I think guilt and the resulting stress is only getting worse in our continuing “do more with less” work environment. I don’t know anyone whose business has enough people to do the work, making everyone fall further behind, feeding that guilt machine.

Well I say enough! This week I realized I wasn’t going to make big deadline. I also realized the deadline was completely artificial. If I met it, a couple of items on the to do list would dovetail nicely. Nice, but not essential. So, in reality, making that deadline was no big deal.

Wow!!! For a few moments I understood what it was like to be stress free, guilt free, and worry free. It was amazing! I could truly experience and enjoy the present moment. It would be so great to have that be my default mental state, rather than the “oh crap, what now!?” feeling I generally experience.

Something I’ve realized – guilt is about the past and worry is about the future. If that is where you spend all your time you are missing out on the present, where the joy is. I choose joy . . . and that’s OK.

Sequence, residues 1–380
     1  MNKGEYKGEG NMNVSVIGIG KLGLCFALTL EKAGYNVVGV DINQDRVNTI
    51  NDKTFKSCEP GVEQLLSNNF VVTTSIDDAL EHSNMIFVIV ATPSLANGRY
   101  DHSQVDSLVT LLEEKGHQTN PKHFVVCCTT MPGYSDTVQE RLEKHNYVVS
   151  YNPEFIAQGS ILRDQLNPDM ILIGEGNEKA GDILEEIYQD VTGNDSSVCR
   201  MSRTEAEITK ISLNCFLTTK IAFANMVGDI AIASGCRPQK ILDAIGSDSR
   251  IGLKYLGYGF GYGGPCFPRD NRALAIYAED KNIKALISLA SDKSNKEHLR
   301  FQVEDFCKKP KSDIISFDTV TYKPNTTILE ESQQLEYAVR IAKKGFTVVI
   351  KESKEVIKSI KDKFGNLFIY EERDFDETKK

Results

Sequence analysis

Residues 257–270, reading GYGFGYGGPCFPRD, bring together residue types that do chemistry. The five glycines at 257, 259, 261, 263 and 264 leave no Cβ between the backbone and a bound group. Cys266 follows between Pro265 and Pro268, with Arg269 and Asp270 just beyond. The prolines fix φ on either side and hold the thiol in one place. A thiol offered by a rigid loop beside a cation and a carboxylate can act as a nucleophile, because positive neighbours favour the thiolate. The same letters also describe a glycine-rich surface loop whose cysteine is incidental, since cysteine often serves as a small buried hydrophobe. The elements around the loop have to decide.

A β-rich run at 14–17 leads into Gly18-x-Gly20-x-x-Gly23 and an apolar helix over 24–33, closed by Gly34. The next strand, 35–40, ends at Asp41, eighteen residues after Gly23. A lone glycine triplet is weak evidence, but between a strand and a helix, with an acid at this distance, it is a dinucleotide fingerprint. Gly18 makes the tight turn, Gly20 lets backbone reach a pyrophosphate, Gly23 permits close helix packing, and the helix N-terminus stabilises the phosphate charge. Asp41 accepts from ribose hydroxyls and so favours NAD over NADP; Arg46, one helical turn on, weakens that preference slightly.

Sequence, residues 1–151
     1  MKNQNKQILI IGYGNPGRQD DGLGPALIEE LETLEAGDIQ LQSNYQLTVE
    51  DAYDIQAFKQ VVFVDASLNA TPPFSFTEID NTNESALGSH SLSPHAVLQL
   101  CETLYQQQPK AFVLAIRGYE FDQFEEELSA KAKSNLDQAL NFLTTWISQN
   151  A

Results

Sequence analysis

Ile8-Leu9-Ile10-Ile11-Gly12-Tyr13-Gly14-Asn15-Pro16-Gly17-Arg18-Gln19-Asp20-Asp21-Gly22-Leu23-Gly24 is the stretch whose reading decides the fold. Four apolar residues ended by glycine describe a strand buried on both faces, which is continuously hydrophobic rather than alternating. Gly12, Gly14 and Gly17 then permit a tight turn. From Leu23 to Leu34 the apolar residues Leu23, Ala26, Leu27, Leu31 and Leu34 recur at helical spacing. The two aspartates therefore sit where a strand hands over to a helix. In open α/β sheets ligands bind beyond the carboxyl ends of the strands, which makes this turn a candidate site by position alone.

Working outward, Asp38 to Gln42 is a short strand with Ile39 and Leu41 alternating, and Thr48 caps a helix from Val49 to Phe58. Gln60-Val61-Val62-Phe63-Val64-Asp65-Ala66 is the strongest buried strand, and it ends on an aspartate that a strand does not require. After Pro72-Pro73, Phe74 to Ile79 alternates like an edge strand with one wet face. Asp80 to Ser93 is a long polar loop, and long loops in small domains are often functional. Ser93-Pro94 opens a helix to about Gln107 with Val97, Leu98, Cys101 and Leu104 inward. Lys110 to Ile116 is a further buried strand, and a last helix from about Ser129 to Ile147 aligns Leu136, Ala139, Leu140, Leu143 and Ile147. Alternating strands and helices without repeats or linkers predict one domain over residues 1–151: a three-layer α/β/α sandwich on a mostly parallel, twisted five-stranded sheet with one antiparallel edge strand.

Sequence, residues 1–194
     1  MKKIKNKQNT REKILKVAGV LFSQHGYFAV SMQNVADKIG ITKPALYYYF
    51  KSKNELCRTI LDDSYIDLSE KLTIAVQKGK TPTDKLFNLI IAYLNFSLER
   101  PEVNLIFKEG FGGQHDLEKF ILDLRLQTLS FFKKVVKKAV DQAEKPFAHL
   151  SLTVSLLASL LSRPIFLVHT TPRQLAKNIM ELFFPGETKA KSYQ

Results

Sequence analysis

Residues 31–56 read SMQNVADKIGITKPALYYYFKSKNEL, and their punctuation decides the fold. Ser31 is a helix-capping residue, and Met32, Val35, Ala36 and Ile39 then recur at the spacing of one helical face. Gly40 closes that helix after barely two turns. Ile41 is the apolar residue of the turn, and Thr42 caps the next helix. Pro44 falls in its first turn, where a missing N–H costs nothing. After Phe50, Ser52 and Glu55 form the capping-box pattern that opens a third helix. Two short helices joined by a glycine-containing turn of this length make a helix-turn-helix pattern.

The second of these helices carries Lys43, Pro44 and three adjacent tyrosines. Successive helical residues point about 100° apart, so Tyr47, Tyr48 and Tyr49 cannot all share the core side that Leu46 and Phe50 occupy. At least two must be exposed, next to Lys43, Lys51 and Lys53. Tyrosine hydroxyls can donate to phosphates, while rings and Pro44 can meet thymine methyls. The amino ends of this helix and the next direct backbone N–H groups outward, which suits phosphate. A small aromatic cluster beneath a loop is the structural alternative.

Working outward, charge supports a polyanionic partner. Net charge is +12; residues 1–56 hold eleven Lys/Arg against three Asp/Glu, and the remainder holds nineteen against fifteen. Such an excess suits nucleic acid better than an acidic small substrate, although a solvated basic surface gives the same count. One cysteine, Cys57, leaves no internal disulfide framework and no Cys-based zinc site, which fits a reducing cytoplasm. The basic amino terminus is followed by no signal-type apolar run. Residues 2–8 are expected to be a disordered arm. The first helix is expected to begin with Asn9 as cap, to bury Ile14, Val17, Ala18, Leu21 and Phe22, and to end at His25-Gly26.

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Best trend not mentioned at ALA

I’m back from conference and done with post-conference hibernation.  (As an introvert I can only handle so much in terms of personal contact.  It’s great, and I love you all, it just really wears me out and I need some concentrated alone time to recover.)

During conference I was SO pleased to be part of LITA’s Top Tech Trends panel #ala2013ttt.  The panel turned out to be a great mix of people and issues.  I think we were just starting to get our groove on when the session was over.  However we all got to hear Cory Doctorow speak so I don’t think anyone minded.

After you get done with a session like that you spend your time torturing yourself with all the things you didn’t say or should have introduced.  Saturday’s Library Link of the Day, an article from the New Republic titled “American Youth Read Books in Print (for now)” has brought up another trend I wished I’d talked about:  both/and.